The Economy: The Good and the Bad

The bad news: the rest of the world is struggling in a weak economy as China slows and oil prices bottom out. The good news: the U.S is putting along with a barely positive GDP of 0.7 percent annualized in the fourth quarter. After further revision the GDP number could slip further to 0.5percent. The slowdown is impacting the demand for logistics services as we will explore later.

Manufacturing in the U.S. slipped for the fourth straight month in January although the Institute for Supply Management (ISM) reported its index of factory activity was up 0.2 percent to a reading of 48.2. Readings below 50 signify contraction, it appears manufacturing may have bottomed out and is beginning a slow crawl towards positive territory. U.S. manufacturing makes up 12 percent of the GDP, it would help to see this trend continue. 
The headwinds continue to include the strong dollar (causing export market stress) and the drag of the oil industry and its related debt that’s becoming hard to service at the low price per barrel. 
Durable goods (washers/dryers, autos) along with non-durable goods (apparel) fell 0.9 percent in November according to the Commerce Department. Demand for long-lasting goods tumbled 5.1 percent in December, and were down 3.5 percent for the year, largest annual decline since the recession ended in 2009.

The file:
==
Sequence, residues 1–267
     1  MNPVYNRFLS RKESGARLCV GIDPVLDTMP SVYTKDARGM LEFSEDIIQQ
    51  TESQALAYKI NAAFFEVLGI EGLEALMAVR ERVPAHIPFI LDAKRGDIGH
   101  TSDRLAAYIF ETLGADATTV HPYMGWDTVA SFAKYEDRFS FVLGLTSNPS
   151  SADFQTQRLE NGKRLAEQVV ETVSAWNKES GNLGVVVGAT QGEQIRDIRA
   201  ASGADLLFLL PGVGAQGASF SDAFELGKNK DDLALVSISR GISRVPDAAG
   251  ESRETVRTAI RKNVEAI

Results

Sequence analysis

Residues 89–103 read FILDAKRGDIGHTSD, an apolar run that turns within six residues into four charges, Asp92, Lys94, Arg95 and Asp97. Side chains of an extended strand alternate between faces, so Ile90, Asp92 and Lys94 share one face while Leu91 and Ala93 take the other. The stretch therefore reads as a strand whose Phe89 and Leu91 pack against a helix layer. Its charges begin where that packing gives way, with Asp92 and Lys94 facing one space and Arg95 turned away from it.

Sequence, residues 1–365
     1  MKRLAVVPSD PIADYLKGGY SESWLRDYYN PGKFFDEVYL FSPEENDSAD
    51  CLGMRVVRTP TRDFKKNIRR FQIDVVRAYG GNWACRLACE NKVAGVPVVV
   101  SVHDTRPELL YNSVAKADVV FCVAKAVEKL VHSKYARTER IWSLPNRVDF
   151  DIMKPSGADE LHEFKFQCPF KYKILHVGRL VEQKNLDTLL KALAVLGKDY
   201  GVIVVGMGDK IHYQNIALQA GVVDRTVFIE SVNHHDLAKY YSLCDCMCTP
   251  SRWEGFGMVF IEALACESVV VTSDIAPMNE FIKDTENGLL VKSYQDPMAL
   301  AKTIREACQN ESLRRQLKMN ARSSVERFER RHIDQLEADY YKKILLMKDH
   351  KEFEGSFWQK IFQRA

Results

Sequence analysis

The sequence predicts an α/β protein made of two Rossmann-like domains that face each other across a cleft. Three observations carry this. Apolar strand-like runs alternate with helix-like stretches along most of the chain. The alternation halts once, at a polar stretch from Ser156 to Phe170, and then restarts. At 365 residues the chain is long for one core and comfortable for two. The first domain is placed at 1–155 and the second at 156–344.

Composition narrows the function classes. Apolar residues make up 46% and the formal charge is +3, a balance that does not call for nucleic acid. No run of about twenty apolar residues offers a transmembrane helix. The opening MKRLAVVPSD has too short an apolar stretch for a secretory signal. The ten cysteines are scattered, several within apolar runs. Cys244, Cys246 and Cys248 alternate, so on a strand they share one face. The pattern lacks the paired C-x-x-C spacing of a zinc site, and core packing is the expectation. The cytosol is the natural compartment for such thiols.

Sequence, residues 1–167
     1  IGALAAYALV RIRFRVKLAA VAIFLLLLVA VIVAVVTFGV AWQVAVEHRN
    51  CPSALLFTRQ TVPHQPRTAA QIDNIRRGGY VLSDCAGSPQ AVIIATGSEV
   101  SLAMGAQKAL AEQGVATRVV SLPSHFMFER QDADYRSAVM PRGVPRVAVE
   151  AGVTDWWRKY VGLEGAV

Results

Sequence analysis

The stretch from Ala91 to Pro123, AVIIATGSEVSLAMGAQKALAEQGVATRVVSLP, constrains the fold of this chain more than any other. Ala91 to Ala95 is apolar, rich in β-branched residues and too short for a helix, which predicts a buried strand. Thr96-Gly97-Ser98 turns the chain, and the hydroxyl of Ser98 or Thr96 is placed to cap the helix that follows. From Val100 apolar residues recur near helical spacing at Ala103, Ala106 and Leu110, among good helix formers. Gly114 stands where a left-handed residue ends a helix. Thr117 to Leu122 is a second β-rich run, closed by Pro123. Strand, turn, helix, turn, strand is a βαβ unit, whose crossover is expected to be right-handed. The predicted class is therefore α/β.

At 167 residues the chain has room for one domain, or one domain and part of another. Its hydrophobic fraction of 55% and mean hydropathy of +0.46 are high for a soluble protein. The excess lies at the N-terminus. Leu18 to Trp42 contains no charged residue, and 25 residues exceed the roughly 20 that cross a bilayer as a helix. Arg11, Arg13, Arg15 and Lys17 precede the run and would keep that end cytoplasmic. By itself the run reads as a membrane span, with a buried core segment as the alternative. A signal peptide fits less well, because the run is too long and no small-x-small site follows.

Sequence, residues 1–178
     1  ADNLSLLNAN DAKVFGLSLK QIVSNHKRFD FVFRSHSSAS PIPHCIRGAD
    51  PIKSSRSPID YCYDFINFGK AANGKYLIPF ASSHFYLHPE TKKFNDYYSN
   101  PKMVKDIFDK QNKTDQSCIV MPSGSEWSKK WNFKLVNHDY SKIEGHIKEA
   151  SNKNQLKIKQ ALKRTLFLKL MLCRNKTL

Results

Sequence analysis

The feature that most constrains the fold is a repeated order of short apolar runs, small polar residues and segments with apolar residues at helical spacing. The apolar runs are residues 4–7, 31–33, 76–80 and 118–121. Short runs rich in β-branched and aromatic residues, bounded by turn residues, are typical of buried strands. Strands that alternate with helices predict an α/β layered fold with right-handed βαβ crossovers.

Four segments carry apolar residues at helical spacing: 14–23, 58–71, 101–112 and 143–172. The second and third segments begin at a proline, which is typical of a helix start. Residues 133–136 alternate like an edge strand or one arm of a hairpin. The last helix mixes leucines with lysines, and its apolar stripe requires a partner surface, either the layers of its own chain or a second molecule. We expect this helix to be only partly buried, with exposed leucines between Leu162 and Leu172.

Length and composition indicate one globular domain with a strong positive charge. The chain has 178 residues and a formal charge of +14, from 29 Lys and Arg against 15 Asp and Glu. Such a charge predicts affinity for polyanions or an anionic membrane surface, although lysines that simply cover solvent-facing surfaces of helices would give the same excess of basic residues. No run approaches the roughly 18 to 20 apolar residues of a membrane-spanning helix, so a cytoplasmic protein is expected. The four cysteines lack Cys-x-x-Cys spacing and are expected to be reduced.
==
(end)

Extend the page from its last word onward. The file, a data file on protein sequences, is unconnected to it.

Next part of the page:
Inflation remains very low for consumers as it fell in by 0.1 percent in December. onsumer spending is considered moderate as income rose 0.3 percent in December and disposable income (inflation adjusted) recorded its biggest increase since 2006. Consumers are banking their cash as savings reached $753.3 billion in December from $717.8 billion in November. 
Consumers are poised to spend with wages creeping up, inflation low, gas prices low, housing prices strong and unemployment low. My concern is the psychology of the political season where candidates tell the electorate how bad things are. The constant media attention of all candidates pounding voters with negative views has the effect of creating fear, which makes people conserve their cash for the unknown. 
This has the potential of being a problem going forward, consumers have the economy in their hands, and their spending drives about two thirds of our nations GDP. Will consumers shake off this negativity and spend once spring arrives? Will they hunker down and play it safe until the country is on a clear path? We all wait to see.